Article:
Kia Optima
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The new Kia Optima is now available at Naza Kia showrooms. Two variants are available – the basic Kia Optima EX which goes for RM102,000 and the Kia Optima EX Novus – which used to be called the EX Premium – for RM110,000, on the road with insurance. The Kia Optima EX features a 2.0 litre DOHC CVVT engine from the Hyundai-Kia Theta engine family. It makes 145PS at 6,000rpm and 189Nm of torque at 4,250rpm, and is mated to a 4-speed automatic transmission with sequential shifting. This engine is not the same as the one in the new Kia Sportage, but a newer family.

While most think the current Optima and the Sonata share the same platform like other Hyundai-Kia models, Kia has decided to develop it’s own platform for the Kia Optima. It features McPherson struts at the front and what Kia calls in-wheel multilink at the rear. In-wheel multilink is called so because it uses a compact transverse subframe to support a rear multi-link system with twin upper arms and long lower trailing arms, plus separate coil springs and dampers. The system is tightly engineered with a significant percentage of the components are mounted within, or very close to, the interior space of the 46mm offset road wheels, which gives it the “in-wheel” moniker.

Interior space is surprisingly large, and I would say it is comparable to short wheel base versions of the BMW 7-Series. Perhaps a chauffeured car for companies with a limited fleet budget? The exterior looks rather defacto three box large sedan (which I actually like), with a rear that reminds some of a Volkswagen. The front is also a non-event but I like the smoked dark headlamps. Despite the conventional outlook, Naza Kia has specified some rather unique colours for the Optima that is refreshing in a sea of what looks like generic colours used over and over again. I like the Optima in red the best, but that colour is not available in Malaysia. There is something called Dark Red though, that looks black at first glance but appears dark red under bright sunlight. The other colours include Midnight Grey, Almond Beige, Ocean Blue, Ebony Black and Bright Silver.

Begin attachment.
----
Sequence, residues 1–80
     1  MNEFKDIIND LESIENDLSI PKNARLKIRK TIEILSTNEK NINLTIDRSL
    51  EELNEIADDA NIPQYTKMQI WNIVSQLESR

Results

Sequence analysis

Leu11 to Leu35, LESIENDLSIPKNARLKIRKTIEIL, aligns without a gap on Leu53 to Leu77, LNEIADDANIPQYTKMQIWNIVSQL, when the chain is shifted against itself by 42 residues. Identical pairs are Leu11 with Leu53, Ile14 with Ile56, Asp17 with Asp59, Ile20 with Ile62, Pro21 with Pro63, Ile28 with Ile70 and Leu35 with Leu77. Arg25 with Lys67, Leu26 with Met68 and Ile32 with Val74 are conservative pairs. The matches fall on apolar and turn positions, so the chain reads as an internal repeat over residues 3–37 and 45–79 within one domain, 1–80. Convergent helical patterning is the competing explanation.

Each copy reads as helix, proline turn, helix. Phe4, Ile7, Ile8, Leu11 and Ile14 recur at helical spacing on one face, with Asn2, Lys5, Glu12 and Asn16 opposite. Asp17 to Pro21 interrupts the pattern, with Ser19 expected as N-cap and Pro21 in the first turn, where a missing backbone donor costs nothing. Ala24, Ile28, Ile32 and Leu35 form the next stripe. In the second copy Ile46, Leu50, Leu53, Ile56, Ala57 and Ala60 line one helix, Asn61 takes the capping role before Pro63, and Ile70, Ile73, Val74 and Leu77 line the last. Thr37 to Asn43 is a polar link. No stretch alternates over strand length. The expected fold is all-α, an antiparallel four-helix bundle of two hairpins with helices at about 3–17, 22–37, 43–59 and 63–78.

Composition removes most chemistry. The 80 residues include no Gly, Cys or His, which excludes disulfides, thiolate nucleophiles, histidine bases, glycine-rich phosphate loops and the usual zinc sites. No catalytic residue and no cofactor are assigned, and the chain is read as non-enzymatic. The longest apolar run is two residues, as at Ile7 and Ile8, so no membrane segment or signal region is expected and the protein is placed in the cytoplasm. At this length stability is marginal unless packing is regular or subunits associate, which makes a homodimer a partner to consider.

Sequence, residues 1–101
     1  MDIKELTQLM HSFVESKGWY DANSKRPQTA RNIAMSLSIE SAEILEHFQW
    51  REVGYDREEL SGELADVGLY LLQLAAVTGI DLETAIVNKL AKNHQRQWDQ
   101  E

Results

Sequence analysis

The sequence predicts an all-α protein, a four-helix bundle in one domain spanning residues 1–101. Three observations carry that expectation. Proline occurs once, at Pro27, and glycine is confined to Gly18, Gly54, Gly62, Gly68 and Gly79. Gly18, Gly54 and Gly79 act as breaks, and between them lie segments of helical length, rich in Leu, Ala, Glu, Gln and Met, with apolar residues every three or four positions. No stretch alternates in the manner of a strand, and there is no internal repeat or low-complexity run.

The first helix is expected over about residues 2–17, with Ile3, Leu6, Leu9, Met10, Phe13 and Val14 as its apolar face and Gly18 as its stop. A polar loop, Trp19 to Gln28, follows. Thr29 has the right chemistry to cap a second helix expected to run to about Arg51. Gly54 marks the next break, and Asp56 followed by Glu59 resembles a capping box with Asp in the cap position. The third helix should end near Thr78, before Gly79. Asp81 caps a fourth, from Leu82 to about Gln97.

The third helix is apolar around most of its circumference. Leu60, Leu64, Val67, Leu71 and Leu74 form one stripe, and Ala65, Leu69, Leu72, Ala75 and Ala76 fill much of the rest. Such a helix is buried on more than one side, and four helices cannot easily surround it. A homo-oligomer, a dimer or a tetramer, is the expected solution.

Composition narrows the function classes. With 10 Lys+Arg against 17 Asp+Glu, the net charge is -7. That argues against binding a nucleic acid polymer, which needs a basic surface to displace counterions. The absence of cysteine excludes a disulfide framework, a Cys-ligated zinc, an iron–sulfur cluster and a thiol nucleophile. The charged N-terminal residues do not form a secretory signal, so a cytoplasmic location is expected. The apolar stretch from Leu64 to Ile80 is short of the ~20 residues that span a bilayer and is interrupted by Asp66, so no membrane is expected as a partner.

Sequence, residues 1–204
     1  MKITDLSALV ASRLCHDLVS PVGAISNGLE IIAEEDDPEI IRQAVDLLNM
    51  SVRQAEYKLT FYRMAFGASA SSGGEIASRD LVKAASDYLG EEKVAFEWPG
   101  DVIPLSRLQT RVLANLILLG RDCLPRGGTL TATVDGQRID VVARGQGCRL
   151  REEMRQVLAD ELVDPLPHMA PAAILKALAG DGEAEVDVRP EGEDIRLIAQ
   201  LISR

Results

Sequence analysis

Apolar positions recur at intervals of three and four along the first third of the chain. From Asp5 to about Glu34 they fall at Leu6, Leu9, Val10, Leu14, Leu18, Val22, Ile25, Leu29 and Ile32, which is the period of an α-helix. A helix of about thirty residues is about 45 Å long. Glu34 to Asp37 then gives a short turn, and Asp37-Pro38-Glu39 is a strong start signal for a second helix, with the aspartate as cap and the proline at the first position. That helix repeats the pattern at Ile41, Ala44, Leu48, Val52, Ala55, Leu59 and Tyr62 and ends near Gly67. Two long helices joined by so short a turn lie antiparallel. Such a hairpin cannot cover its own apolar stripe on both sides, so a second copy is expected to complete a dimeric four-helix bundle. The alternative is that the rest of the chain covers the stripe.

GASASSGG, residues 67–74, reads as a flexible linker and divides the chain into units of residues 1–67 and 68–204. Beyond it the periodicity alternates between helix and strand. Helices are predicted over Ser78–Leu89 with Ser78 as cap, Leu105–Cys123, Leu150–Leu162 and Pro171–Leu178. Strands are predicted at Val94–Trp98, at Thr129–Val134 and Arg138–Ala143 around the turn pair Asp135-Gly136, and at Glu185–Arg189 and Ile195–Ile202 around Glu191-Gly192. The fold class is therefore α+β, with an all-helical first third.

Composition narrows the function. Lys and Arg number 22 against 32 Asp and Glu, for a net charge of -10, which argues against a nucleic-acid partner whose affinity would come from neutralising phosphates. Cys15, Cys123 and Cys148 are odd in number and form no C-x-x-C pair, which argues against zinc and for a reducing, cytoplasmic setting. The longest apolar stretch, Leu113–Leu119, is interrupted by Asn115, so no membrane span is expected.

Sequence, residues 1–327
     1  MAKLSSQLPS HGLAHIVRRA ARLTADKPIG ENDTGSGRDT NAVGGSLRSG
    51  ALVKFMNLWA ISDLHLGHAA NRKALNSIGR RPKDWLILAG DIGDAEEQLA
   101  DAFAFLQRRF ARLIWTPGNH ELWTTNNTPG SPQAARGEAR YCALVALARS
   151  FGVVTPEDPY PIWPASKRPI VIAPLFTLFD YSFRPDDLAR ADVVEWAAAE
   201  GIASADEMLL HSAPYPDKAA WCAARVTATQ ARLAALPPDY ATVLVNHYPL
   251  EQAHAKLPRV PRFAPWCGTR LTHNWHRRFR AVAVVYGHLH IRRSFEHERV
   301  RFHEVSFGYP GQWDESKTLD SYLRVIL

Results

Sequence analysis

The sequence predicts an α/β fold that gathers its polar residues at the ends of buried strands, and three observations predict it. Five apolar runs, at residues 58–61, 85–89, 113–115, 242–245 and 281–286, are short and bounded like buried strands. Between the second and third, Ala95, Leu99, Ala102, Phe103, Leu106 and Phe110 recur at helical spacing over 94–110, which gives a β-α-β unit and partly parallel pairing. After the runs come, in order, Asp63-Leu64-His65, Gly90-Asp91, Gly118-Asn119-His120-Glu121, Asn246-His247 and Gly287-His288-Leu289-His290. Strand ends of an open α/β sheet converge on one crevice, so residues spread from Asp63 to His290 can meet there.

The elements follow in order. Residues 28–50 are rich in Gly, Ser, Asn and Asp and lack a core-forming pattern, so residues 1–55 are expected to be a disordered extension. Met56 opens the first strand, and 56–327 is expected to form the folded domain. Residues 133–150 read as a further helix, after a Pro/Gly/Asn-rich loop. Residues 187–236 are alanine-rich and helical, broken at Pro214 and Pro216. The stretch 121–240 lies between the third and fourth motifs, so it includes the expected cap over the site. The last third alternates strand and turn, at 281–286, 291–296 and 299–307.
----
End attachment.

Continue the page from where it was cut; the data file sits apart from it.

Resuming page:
I had the opportunity to drive the Kia Optima EX Novus for just over a 100km or so on the way up to Penang in a media preview. With a price difference of RM8,000 you get significantly better equipment with the car. 8 grand buys you ESP stability control, fully automatic climate control, an Infinity 6.1 audio system, some nice perforated suede and leather upholstery which include some decent premium-feeling seats, automatic headlamps which turn on automatically in the dark), larger 17 inch alloy wheels versus 16 inch on the normal EX, Michelin Pilot Primacy tyres, and a powered driver’s seat.

Also, a fully black interior with aluminium trim greatly lifts the interior ambiance, giving it an upmarket feel. I think this Kia Optima is the one Korean car I’ve driven that has broken away from the cheapo Korean interior feel. No unsightly interior with acres and acres of boring grey. Of course, the engine and transmission combo is really nothing to shout about. Rather boring. It works, but that’s about it. But I think someone looking at the Optima will not be too bothered about that. The car was quite comfortable and NVH levels was up to standards. The Infinity 6.1 audio system was somewhat of a let-down though. It’s above average but it isn’t any different from what you get in 2.4 litre versions of Japanese D-segment sedans, just that here you are able to have it in a 2.0 litre Korean D-Segment sedan.

All the basic safety features are there – dual SRS airbags, active headrest, ABS brakes with EBD. The Novus is safer of course since it has ESP stability control. Not a bad alternative to C-segment Japanese sedans, but there will be many concerns on Naza Kia’s network – dealerships, aftersales service, and of course other than that there is the dreaded reputation for Korean cars to be heavy fuel guzzlers. If Naza Kia can get over these obstacles, the car should theoretically sell. This new generation of Kias use engines that can be considered modern, equipped with features like CVVT variable valve timing. This should help alot with the fuel consumption. The Optima along with the Spectra5, and Sportage also have trip computers to help you measure your fuel consumption.

Lastly, both the Kia Optima EX and Kia Optima EX Novus come with a 5 year or 125,000km warranty and a 2 years or 50,000km free service package.

More photos after the jump.